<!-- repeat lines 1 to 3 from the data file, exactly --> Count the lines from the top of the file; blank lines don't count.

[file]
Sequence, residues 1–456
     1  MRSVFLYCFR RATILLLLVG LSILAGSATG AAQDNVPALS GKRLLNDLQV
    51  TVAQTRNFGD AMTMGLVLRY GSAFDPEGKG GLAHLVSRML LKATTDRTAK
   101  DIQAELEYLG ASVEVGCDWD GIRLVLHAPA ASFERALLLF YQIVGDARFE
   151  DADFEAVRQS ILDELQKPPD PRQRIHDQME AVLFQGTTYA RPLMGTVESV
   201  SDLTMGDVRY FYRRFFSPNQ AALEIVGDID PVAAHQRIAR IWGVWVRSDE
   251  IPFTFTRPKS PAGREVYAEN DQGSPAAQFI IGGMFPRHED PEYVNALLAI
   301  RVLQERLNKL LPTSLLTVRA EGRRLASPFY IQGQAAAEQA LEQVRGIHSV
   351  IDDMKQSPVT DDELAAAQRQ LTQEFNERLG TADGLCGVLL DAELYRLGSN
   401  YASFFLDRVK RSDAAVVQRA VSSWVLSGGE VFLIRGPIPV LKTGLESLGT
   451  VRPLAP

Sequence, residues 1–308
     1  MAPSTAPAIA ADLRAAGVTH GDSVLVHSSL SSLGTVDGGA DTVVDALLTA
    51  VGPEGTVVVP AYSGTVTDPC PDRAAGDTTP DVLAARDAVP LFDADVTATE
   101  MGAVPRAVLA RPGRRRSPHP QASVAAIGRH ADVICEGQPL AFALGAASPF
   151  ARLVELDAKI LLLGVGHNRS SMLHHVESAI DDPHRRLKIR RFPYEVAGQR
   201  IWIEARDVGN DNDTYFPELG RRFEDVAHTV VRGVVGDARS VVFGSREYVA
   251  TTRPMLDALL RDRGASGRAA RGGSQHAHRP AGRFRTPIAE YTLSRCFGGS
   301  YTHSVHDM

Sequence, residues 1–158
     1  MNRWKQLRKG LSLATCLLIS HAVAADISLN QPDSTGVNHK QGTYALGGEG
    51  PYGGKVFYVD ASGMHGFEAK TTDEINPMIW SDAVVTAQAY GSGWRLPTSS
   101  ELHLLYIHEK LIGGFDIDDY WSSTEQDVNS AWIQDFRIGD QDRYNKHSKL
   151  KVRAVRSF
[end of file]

Sequence, residues 1–456
     1  MRSVFLYCFR RATILLLLVG LSILAGSATG AAQDNVPALS GKRLLNDLQV
    51  TVAQTRNFGD AMTMGLVLRY GSAFDPEGKG GLAHLVSRML LKATTDRTAK